NCAA won't hail the Chief


The NCAA has officially banned Chief Illiniwek (and all other Native American mascots) from performing in post—season games. Richard Baehr examined the issue with insight and humor during the NCAA Big Ten Tournament, when the Chief was unofficially banned.

Richard wrote:

At the Big Ten Men's Basketball Tournament at the United Center in Chicago this week, ten of the eleven teams were allowed to bring their mascot. The outcast was the University of Illinois, the number one seed, the tournament winner and the number one—ranked team in the nation. Their mascot, Chief Illiniwek, was not permitted to appear.  The student who becomes the Chief at home games at Assembly Hall, this year an electrical engineering major named Kyle Cline, could only watch the tournament games from the stands in normal U of I civilian clothing (orange hair, shirt, pants, and socks).

The Chief has become a politically incorrect symbol for the Fighting Illini, and many want him to go the way of the now departed Indian mascots for the Marquette Warriors (now Golden Eagles), the St. Johns' Redmen (now Red Storm), and the Miami of Ohio Redskins (now Red Hawks).  The fight to have the University walk away from the Chief, is an example of ethnic tribalism infecting American sports. Illinois' Chief is the symbol of a tribe, but what its critics miss is that it is not an ethnic tribe, but one much broader. We have here a clash between a sports tribe and ethnic tribalism. 


The denigrators of Chief Illiniwek do not understand the power of allegiance and loyalty.  They are not interested in anything that might build ties beyond the politically—designated group, or race, or gender, or sexual preference category. The Chief does not demean Indians. The critics who claim so, know little or nothing of the tradition surrounding the mascot. The Chief officially stands for 'spirit, courage, strength, bravery, honor and loyalty.' I know this for I have a Chief tee shirt I wore at the United Center this weekend which surrounds the chief's dignified head with these words, noble qualities all of them.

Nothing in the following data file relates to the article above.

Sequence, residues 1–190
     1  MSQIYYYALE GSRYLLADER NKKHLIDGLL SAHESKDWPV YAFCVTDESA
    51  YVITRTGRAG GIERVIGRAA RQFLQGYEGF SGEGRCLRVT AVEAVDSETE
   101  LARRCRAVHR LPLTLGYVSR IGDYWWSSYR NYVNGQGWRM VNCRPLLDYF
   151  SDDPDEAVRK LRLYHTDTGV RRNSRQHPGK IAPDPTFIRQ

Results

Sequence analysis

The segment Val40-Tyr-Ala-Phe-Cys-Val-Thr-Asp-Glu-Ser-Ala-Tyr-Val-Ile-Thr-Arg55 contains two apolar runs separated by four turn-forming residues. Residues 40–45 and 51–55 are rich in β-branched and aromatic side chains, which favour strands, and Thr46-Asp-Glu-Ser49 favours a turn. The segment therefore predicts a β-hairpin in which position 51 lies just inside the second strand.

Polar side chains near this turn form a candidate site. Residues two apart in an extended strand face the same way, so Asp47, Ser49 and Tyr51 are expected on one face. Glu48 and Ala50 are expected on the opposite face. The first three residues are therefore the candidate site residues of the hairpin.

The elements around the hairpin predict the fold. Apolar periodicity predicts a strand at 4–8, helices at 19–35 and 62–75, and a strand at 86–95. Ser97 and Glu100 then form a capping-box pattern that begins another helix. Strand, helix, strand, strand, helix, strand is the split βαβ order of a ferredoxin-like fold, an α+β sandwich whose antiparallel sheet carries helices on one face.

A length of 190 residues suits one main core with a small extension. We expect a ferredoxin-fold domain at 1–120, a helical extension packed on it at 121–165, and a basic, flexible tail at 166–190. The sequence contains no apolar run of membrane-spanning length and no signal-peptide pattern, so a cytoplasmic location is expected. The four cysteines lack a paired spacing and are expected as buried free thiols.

The critics know only that a student dresses up as an Indian and if 2,000 high schools, and colleges have dropped Indian nicknames the past few decades, then Illinois must be a throwback to preserve this insensitive assault on native Americans. The Chicago Tribune ran an article last week on the Chief controversy in which a leading advocate to get rid of Chief Illiniwek, (an American Indian woman),  spoke of how the Chief eroded the self esteem of her teenage children when she lived in Champaign. I daresay self esteem erosion may not be the only real problem here.

The Fighting Illini fans should not have to apologize for their traditions. This is not Southeast Oklahoma State (the Savages), or Carthage College (the Redmen). Chief Illiniwek does not degrade American Indians.  The Illinois mascot and team name fits more with the Central Michigan Chippewas, the University of Alaska, Fairbanks Nanooks,  the San Diego State Aztecs,  the North Adams State Mohawks, and by far the best known, the Florida State Seminoles. There is history, and a sense of place as well as tradition in these names.

Of course, the Indians have had a pretty bum deal throughout American history. I do not need Howard Zinn or Ward Churchill to tell me that. And the casinos do not mean we are all even on settling scores. But anybody who tells you that it was all kumbayah amongst the peace—loving tribes, back before Columbus made his voyages, or before the white man began to settle the interior, is romanticizing history. Braves (Alcorn State), Red Raiders (Texas Tech), Warriors (Keuka College), Redmen, Fighting Sioux (University of North Dakota) speak to a history of warfare on the continent. And it was not all one—way.  There was some serious scalping done in the Illinois territory well before anybody tried it outside the stadiums and arenas in Champaign or Chicago

There are many thousands of sports teams with animal names.  Will PETA be next to step into this arena?  Maybe Fighting Tigers or War Eagles is disrespectful, and feeds the abuse of animals that is so present in our society.  What about the Fighting Irish of Notre Dame? Aren't we trying to make peace in Northern Ireland—region>?  Why aren't Notre Dame professors and the IRA seeking to get rid of that name? Isn't it as 'demeaning' as Fighting Illini?   Americans for Peace Now might object, but Dennis Prager says he would be proud if a team were called the Fighting Jews.  Some ancient stereotypes might go out the window with that one. 

I think the attack on Indian mascots and team names is indicative of people with too much free time (a group which includes most academics), and too easily obsessed with societal sleights. 

Thomas Lifson   8 05 05